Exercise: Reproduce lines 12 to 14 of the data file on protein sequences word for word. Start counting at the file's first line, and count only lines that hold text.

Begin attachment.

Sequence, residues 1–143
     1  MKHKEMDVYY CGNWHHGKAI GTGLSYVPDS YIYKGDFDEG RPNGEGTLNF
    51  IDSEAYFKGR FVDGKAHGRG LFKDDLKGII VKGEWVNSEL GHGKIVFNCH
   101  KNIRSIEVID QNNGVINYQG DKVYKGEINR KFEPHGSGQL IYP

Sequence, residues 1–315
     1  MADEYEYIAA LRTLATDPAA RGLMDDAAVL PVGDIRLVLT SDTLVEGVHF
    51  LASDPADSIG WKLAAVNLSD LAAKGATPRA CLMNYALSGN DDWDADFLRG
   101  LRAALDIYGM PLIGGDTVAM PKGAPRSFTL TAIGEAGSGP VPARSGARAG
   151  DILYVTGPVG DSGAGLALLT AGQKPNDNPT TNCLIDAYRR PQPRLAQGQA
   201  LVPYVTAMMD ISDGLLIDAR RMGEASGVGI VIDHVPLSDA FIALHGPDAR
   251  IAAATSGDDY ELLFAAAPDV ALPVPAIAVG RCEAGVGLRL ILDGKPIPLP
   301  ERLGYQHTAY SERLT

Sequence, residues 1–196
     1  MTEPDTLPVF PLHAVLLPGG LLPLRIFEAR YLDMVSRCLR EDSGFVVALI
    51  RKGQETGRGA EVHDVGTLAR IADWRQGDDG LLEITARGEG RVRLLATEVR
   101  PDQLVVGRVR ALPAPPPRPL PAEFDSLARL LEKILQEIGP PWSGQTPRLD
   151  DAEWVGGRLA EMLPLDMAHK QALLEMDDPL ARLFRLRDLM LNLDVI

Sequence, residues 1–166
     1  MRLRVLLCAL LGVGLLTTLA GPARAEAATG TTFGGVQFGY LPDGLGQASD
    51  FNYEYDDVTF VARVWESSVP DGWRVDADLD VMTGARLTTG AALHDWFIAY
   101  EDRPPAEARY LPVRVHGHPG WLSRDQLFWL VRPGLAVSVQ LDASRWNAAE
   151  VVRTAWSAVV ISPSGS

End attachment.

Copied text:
   301  ERLGYQHTAY SERLT

Sequence, residues 1–196
     1  MTEPDTLPVF PLHAVLLPGG LLPLRIFEAR YLDMVSRCLR EDSGFVVALI